Is Technology in Education Causing Child Parent Stress?
After only eight days of school, our two middle school children are bogged down with multiple projects, lengthy reading expectations and nightly homework in multiple subjects. After arriving home at 4PM, our children immediately hit the books and read, study, research and complete homework until 9:30PM or later. There is a disconnect occurring between parents and children who have so much homework to complete that home chores, interaction and family time are pushed to the back burner. Replacing social communication are deadlines, research projects, reading lists, quizzes and tests.
The Link Between Technology and Parent / Child Stress
Researching online is quicker and easier than walking, riding or driving to the local library and searching through books, magazines and microfiche. Children of today need only a personal computer and Internet connection to gain access to the largest library ever created, but does that mean teachers are becoming more dependent on the Internet as a resource and thus expecting children to do more outside of school than in previous years and generations?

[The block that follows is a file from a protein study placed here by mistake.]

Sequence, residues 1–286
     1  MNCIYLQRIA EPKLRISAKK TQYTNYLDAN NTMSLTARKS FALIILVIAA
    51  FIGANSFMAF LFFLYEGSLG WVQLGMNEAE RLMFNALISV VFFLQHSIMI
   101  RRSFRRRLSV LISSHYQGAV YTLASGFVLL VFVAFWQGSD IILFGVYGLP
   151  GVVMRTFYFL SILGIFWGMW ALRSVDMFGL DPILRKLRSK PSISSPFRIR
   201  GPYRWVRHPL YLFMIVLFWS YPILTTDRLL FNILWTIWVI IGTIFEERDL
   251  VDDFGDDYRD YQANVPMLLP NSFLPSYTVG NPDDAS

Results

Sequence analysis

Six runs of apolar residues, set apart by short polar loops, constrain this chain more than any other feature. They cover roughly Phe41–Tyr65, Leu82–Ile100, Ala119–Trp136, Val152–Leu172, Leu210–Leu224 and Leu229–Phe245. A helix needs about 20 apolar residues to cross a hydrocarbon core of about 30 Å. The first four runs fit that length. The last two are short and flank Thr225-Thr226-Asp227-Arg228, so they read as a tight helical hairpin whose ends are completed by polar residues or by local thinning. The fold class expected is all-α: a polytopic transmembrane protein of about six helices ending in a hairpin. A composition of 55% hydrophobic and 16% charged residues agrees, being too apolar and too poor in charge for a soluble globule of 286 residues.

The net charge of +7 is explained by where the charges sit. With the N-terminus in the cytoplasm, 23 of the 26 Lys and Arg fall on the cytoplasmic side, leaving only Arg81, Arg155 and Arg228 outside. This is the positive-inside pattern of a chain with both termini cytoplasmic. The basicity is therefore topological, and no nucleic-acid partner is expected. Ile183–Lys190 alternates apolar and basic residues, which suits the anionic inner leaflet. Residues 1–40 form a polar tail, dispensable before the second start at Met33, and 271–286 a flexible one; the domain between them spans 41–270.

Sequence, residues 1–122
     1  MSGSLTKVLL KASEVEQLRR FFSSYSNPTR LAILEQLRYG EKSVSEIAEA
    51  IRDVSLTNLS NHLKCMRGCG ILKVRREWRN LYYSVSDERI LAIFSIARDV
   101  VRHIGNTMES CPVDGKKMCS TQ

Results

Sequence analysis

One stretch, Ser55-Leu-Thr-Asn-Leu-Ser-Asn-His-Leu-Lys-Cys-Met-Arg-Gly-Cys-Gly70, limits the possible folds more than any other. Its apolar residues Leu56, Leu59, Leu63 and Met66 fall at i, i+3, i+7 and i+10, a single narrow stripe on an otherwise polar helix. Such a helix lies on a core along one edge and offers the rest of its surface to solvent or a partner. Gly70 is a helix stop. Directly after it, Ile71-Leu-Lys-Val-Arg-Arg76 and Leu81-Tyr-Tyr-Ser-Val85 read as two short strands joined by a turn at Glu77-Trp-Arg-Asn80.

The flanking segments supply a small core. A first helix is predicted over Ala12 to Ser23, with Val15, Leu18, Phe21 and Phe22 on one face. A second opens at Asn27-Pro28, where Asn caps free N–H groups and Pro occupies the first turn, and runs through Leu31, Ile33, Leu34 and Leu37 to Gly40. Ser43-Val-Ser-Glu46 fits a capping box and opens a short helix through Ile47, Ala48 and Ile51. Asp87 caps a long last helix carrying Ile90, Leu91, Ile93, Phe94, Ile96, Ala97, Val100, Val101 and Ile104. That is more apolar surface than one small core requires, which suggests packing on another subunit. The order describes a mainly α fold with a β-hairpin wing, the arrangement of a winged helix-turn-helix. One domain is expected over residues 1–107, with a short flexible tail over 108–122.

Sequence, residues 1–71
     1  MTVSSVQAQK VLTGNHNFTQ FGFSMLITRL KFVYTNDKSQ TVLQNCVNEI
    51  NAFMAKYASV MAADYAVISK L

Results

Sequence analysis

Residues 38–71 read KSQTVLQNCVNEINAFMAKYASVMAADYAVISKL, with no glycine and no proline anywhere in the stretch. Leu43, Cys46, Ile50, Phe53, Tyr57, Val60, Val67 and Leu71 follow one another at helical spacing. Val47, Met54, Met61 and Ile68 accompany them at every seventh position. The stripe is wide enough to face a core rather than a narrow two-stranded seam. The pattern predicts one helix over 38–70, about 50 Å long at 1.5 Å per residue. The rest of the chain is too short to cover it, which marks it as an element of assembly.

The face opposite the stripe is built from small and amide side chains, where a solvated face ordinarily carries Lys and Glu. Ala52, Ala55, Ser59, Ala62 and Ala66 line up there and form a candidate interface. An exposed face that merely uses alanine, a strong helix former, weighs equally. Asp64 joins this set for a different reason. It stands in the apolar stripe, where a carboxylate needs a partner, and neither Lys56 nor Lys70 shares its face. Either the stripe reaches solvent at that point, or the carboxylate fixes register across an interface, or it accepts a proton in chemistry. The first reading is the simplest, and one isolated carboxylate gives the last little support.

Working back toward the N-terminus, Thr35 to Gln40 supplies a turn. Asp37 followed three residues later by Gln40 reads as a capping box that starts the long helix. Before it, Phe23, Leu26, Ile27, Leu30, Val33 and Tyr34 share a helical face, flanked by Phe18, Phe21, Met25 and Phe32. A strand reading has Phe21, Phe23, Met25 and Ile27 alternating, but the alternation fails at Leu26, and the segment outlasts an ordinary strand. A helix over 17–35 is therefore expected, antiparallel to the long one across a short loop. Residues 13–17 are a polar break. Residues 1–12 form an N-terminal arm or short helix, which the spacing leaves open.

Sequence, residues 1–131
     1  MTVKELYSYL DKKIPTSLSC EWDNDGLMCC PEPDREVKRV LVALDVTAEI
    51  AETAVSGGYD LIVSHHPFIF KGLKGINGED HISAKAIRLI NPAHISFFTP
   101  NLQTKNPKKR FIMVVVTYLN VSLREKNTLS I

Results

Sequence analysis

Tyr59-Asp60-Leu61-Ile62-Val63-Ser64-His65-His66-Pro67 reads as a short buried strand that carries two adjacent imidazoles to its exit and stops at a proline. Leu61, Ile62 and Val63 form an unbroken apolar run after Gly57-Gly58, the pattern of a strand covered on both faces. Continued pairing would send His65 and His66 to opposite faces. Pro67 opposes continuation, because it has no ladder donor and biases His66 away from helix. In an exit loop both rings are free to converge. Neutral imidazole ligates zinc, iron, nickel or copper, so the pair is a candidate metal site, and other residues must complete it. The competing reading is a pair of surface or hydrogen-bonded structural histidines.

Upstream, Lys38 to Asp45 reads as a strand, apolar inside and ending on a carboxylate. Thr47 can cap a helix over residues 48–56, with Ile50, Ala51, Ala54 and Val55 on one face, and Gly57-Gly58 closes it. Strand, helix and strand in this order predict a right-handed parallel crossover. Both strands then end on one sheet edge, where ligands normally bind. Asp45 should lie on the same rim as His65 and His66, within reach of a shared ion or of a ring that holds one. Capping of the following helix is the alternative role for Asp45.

Technology has a fantastic place in education and the school system, but when expectations outside of school hours become so overpowering that children are left with no down time and no time with family without worrying about deadlines and grades, there is a disconnect that will occur between parents and children.
How Our Family is Dealing With Increased Expectation and Technology
As a family, we are tired of spending five days a week working full-time only to be responsible for all chores in a household of six people. Chores are important to teach children responsibility and no advances in technology or outrageous educational expectations will replace that fact. We are working with our children on choosing project themes that require no Internet access or detailed research. Just because the Internet is available does not mean it is the best source of information.
We will soon begin walking to the library a couple of days a week so our older children can work with media hands on as opposed to virtually. Research days for projects will be limited to one to two days a week and no school work is allowed on Sundays – our family’s day of rest and relaxation together without expectation.